Posted 9/6/2010 6:36 PM (GMT -6)   
fairwind, that was a great reply from you, not that I thought you owed any further explanation to your personal opinion.
Age: 58, 56 dx, PSA: 7/07 5.8, 10/08 16.3
3rd Biopsy: 9/08 7 of 7 Positive, 40-90%, Gleason 4+3
open RP: 11/08, on catheters for 101 days
Path Rpt: Gleason 3+4, pT2c, 42g, 20% cancer, 1 pos marg
Incont & ED: None
Post Surgery PSA: 2/09 .05,5/09 .1, 6/09 .11. 8/09 .16
Post SRT PSA: 1/10 .12, 4/8 .04, 8/6 .06 11/10 ?
Latest: 6 Corr Surgeries to Bladder Neck, SP Catheter since 10/1/9, SRT 39 Sess/72 gy ended 11/09, on Catheter #21, will be having Ileal Conduit Surgery in Sept.

Casey59
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Date Joined Sep 2009
Total Posts : 3172
   Posted 9/6/2010 6:57 PM (GMT -6)   
Fairwind said...
My reading of this book found it dangerously slanted towards the smaller percentage who can take this course of action..I don't think anyone should make any treatment decisions based on this one book...
 
 
I couldn't agree more with your last sentence....no one "should make any treatment decisions based on this one book."
 
What this book will do (we who have been aggressively treated should hope) is to help reduce overtreatment of those patients who fall on the side of not needing agressive treatment.  This may not have been YOU, but whatever knowledge you have of your experience may be beneficial to someone else who was "luckier" than you to have a better differentiated version of PC (one with lower Gleason).
 
best wishes...

Tudpock18
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Date Joined Sep 2008
Total Posts : 4183
   Posted 9/6/2010 7:01 PM (GMT -6)   

The data on Gleason grading is from 1994-1998...does anyone have any more current data?

Tudpock (Jim)


Age 62, Gleason 3 + 4 = 7, T1C, PSA 4.2, 2 of 16 cores cancerous, 27cc
Brachytherapy December 9, 2008.  73 Iodine-125 seeds.  Procedure went great, catheter out before I went home, only minor discomfort.  Regular activities resumed, everything continues to function normally as of 4/10/10.  6 month PSA 1.4 and now 1 year PSA at 1.0.  My docs are "delighted"!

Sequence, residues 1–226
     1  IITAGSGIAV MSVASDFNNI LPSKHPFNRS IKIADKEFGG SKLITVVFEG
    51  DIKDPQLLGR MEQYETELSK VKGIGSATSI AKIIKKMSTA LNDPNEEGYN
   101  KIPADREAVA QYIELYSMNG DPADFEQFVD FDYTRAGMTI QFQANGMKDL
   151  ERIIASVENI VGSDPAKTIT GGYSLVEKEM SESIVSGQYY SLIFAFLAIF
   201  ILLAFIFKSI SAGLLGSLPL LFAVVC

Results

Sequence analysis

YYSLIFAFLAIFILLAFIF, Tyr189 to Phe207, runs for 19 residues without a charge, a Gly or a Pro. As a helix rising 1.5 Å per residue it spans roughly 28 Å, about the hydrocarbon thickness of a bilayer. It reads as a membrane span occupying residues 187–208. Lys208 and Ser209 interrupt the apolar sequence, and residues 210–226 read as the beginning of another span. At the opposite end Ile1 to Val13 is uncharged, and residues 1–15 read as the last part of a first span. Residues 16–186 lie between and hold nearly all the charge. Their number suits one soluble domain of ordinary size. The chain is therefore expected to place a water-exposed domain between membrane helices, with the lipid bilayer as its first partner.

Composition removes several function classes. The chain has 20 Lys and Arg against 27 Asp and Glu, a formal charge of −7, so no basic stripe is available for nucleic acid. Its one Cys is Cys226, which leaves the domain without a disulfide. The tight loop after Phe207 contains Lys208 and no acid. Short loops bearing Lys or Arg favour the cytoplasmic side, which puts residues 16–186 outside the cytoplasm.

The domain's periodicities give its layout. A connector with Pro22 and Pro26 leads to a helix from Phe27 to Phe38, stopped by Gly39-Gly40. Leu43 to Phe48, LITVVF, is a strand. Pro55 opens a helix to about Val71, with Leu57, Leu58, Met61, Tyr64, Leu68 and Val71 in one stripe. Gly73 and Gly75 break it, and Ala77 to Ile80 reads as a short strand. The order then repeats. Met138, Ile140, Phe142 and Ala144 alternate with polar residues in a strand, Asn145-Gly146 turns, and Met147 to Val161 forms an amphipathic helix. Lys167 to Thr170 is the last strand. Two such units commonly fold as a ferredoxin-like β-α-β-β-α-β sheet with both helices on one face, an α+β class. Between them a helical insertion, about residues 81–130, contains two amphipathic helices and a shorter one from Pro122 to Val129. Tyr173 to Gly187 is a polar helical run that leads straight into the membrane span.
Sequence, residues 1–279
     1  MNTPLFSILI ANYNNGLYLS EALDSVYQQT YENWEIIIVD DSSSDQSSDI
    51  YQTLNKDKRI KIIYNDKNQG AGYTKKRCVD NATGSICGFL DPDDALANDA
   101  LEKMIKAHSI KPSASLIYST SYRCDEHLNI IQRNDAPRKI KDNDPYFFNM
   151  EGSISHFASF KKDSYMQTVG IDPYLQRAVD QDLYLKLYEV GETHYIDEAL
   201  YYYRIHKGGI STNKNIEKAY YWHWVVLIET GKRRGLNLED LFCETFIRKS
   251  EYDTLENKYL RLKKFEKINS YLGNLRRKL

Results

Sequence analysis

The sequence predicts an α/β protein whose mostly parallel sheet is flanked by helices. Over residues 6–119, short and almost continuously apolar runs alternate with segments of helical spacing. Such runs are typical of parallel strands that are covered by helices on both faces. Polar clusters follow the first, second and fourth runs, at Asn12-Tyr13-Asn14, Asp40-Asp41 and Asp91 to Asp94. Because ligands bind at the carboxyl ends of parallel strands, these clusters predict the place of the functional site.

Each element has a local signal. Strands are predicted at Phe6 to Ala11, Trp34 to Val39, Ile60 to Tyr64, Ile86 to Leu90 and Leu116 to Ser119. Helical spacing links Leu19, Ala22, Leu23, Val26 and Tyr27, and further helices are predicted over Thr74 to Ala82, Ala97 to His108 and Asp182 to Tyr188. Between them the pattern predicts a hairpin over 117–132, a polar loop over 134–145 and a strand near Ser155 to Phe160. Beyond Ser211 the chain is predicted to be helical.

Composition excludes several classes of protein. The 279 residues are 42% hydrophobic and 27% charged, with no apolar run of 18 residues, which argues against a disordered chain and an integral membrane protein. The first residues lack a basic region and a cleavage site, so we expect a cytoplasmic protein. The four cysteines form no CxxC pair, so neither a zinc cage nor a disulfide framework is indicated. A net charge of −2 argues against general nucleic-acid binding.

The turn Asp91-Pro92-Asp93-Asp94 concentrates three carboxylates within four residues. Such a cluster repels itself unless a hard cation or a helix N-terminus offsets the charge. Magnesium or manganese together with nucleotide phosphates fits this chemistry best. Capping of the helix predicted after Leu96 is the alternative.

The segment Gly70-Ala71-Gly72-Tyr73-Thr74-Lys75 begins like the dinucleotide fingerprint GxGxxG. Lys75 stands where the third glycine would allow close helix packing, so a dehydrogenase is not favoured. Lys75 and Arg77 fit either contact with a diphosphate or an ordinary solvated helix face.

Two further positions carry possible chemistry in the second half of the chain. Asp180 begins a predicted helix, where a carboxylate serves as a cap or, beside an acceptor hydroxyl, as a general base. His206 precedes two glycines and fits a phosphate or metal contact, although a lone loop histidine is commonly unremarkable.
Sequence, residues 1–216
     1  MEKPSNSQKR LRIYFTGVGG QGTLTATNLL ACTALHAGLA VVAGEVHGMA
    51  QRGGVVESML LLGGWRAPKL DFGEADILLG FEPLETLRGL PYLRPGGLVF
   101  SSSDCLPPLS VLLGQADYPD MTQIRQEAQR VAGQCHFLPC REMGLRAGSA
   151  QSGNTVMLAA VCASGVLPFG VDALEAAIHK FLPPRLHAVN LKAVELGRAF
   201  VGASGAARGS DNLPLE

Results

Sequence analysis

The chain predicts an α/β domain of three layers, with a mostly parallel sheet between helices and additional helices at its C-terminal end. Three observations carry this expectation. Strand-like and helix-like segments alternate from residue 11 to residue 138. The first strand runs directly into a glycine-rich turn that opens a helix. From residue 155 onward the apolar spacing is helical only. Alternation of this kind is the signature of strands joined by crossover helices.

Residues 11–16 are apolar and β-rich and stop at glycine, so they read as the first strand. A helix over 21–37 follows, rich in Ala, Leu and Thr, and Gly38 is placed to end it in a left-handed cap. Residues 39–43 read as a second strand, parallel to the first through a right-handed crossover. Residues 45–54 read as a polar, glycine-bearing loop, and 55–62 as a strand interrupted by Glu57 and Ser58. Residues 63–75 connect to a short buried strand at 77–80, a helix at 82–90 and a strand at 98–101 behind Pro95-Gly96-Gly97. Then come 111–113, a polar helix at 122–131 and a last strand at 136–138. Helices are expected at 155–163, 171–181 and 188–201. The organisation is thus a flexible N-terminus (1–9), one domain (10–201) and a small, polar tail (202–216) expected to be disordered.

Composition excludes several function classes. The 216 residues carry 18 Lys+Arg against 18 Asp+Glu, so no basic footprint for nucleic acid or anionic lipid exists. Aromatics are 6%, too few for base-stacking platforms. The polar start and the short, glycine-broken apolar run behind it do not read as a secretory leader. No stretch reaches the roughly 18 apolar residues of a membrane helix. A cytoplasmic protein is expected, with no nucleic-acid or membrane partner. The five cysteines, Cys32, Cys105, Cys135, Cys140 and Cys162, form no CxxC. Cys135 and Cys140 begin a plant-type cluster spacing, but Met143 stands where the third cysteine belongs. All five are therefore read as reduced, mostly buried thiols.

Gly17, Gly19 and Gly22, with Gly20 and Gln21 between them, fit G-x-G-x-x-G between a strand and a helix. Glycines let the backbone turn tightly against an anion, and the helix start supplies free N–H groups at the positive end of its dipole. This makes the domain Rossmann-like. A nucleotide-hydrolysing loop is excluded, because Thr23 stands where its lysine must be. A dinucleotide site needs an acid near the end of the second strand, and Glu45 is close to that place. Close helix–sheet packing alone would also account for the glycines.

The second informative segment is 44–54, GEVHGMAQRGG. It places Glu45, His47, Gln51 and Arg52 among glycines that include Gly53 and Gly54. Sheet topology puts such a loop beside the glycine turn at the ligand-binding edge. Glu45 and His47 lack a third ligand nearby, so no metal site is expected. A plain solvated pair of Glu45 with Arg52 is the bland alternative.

John T
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Date Joined Nov 2008
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   Posted 9/6/2010 7:18 PM (GMT -6)   
Fairwind,
I think I have more experience in biopsies than 99.99% of all patients. The CDU is used to eliminate the need for biopsy, and only if something is seen that a biopsy taken; 3 to 6 samples at most. From Numerous experiences I can testify that a 12 core biopsy is much worse than a 6 core biopsy and a 24 core is a real killer. The use of CDU in AS is to avoid annual biopsies.
I did read the part about the MRIS, in fact I experienced it. Although uncomfortable, it was better than a biospy.
I don't know of anyone who recommends that a Gleason 7 and above being on AS, except when life expectance is way less than 10 years. The purpose of AS is to identify any Gleason above 6 and treat it.
Matastasis is something that occurs after years; it is when the PC goes to the lymphnodes or the bones and starts growing. Before that, it is in the locally advanced stage. It can take years to get to matastatis and HT can slow this to decades. Gleason 6 cancers rarely get to matastasis even though they can get to locally advanced. This is why that even with reoccurrances gleason 6 cancers rarely lead to death. Once pc gets to matastisis it can usually be controlled for about 10 years, depending on the type and agressiveness.
In order to fight PC effectively you have to 1st understand how it works. You also have to understand what your individual cancer is doing and tailor the treatment to match the cancer. This is what I got from the book. You clearly got something else.
JT

64 years old.

PSA rising for 10 years to 40, free psa 10-15. Had 5 urologists, 12 biopsies and MRIS all neg. Doctors DXed BPH and continue to get biopsies yearly. 13th biopsy positive in 10-08, 2 cores of 25, G6 less than 5%. Scheduled for surgery as recommended by Urological Oncologist.

2nd Opinion from Dr Sholtz, a Prostate Oncologist, said DX wrong, pathology shows indolant cancer, but psa history indicates large cancer or metastasis. Futher tests and Color Doppler confirmed large transition zone tumor that 13 biopsies and MRIS missed. G7, 4+3, approx 16mmX18mm.